#BigScienceProject

Welcome to the Big Science project. This will be updated throughout the closure period and will have science challenges for you and others at home to join in with.

Each challenge will be outlined with a description and photos or a video. For each one you complete, you need to either submit a photo of your experiment, or the finished result along with an explanation of what you have discovered or created.

Good Luck from The Physics Department!

  1. How about taking a picture of another galaxy using a smartphone, perhaps Venus or maybe a nebula (M42 in Orion is the easiest to find).

You can do this without fancy equipment, a pair of basic binoculars (10×50 are really good for this) and a smartphone will get some amazing images.

Have a look at this Youtube video by Astrobiscuit to see how it can be done:

So all you need is a good pair of binoculars; 10 times magnification or more and an objective lens size of at least 30mm will do fine for starters. Ideally you need a holder for your smartphone (these are available on Amazon or other on-line retailers for less than £10), but if you are creative you can rig something up with an old car phone mount.

2.This is an experiment to measure the size of two of our nearest neighbours in the universe, the sun and moon. Send in a photo of your pinhoe camera or you carrying out the experiment, along with your results. All entries will be published on Firefly. One essential safety precautions with this, NEVER LOOK DIRECTLY AT THE SUN.

You will need: a shoebox, some aluminium foil, sticky tape, a sheet of white paper, a ruler and a pin or needle.

Although the Sun is nearly 150 million km away from us and huge, you can measure its size from your living room.

You’re going to build a simple pinhole camera. Cut a 2x2cm square out of the centre of one of the short sides of the shoebox. Place the aluminium foil over the cut-out and tape it down.

Then, use the pin or needle to pierce the foil. Line the inside of the opposite end of the box with the white paper.

 

You now have a pinhole camera. Measure the length of the box, from the hole to the sheet of paper.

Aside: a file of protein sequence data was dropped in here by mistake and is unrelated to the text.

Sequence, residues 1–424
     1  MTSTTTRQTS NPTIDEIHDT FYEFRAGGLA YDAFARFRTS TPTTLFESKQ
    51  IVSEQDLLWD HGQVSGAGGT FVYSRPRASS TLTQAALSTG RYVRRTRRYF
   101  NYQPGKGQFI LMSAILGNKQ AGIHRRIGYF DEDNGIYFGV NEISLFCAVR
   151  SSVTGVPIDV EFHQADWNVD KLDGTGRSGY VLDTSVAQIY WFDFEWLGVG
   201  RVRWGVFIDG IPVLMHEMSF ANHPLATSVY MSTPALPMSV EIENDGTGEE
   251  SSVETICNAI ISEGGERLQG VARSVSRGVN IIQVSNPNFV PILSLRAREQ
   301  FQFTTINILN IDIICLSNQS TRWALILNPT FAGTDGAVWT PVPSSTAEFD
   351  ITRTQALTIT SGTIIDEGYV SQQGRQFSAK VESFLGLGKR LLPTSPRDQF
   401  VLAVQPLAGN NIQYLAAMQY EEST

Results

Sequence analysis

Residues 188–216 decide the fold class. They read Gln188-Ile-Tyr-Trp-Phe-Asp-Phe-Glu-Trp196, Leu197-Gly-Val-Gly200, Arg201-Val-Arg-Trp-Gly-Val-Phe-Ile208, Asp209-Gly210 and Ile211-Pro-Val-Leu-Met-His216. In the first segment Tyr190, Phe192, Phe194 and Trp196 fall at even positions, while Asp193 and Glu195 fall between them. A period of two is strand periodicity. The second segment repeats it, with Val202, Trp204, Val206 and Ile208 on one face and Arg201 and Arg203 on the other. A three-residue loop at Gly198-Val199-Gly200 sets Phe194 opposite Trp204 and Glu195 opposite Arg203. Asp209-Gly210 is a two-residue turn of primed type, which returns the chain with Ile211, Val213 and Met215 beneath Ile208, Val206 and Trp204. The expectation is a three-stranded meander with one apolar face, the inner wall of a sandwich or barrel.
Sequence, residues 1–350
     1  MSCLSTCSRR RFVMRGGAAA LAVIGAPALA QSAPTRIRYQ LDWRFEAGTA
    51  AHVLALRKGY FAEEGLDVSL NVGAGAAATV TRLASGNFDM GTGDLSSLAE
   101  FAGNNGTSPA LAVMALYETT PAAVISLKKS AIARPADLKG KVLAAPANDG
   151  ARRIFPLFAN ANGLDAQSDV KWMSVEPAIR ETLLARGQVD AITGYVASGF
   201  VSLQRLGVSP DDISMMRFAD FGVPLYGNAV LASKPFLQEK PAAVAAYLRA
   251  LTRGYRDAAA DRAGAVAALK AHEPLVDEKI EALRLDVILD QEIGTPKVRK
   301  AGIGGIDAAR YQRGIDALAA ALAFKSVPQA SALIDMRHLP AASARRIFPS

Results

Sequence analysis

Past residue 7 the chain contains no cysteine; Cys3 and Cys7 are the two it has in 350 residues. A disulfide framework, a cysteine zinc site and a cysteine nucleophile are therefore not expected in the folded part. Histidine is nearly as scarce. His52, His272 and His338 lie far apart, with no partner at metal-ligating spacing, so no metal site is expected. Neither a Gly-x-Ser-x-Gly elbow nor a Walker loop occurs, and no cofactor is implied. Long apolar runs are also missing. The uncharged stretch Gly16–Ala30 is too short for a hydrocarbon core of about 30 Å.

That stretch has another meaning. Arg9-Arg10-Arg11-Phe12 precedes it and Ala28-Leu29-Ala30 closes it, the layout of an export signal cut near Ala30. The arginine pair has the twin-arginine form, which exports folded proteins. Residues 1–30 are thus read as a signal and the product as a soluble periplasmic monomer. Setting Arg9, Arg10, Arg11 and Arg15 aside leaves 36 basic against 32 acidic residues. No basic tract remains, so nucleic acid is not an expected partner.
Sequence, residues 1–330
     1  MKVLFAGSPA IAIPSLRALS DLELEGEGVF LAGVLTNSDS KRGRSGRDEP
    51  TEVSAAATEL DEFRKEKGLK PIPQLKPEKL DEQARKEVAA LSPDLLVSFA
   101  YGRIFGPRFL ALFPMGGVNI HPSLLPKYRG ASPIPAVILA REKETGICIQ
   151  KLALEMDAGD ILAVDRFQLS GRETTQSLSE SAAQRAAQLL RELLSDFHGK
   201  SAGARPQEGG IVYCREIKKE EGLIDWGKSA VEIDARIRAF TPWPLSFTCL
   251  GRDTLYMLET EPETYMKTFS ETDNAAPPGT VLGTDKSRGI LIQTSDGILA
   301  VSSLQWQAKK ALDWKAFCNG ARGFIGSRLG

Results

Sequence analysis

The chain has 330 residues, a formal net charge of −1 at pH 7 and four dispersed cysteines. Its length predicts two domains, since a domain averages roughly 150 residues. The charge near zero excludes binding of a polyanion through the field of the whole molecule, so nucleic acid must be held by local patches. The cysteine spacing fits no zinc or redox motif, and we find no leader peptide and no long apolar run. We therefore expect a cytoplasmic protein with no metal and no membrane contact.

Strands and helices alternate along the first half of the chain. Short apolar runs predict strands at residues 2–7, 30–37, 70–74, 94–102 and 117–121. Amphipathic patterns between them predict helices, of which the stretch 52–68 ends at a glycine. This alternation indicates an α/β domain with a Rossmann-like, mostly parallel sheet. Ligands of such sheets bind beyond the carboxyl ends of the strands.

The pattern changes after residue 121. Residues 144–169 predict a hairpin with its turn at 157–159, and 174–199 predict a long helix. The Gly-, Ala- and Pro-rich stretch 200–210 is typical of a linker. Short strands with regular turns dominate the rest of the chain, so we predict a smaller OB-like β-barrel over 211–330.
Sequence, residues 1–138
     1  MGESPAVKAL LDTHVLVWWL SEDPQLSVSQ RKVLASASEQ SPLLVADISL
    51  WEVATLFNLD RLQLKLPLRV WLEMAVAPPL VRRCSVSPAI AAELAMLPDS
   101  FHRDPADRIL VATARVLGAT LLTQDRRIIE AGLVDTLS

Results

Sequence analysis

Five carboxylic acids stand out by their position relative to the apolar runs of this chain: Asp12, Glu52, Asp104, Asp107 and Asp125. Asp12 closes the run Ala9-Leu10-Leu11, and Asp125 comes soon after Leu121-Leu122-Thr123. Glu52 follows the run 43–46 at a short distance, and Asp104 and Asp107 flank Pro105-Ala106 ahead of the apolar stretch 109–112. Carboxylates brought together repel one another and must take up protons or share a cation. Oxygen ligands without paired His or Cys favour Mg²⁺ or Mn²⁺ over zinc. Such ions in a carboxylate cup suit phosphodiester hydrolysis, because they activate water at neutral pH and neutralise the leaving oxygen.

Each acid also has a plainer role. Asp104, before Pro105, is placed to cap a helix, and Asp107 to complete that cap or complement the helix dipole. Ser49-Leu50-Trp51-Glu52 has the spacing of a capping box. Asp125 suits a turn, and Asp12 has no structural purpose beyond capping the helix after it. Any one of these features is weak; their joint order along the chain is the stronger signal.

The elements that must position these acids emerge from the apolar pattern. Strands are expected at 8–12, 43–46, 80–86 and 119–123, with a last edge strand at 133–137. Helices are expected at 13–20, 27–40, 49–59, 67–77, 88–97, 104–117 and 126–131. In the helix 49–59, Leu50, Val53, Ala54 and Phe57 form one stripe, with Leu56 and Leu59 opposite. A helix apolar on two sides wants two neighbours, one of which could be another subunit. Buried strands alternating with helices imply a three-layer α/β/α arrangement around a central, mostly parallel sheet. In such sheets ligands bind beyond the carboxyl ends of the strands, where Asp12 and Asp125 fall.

Point the foil-covered front end towards the Sun, being careful to never look directly at it!

An image of the Sun will appear on the piece of paper and you can measure it with a ruler. With that measurement and a bit of simple maths, you can calculate the Sun’s diameter:

  • Diameter of Sun = size of image ÷ length of box x 149,600,000km

As 149,600,000km is the distance to the Sun and the ratio of size to distance from the hole is the same for both, this should give you a decent estimate of the Sun’s size.

You can use the same method for the Moon, but replace the number at the end with 384,000km.

Check your result when you’ve finished to see how close you are. The bigger the box, the more accurate you’ll be.

Credit: Credit: Michael Moltenbrey for the photo and BBC Sky at Night magazine for the project

 

 

With the time you have on your hands now, you could get involved in real exploration of the surface of Mars. Zooniverse is looking for people to get involved with its review of phots of the surface of Mars, identifying ‘fans’ and ‘blotches’ from the images. These are features that indicate particular sorts of activity on the surface and the intention is that they are used to guide further exploration.

Your part in this is to review the photos and tag the fans and blotches on these. This is done alongside all the other contributors and the photos which have the highest ‘hit’ rates for these will be passed to the planetary scientists co-ordinating the project.

Why you?

The website explains: ‘There are far too many images for a group of scientists to get through alone and computers are just no good at detecting the features we are trying to mark. The human mind is far superior at analyzing images with the complexity of the Martian surface!’

To find out more, follow this link: https://www.zooniverse.org/projects/mschwamb/planet-four/about/research

To start research, follow this link: https://www.zooniverse.org/projects/mschwamb/planet-four/classify

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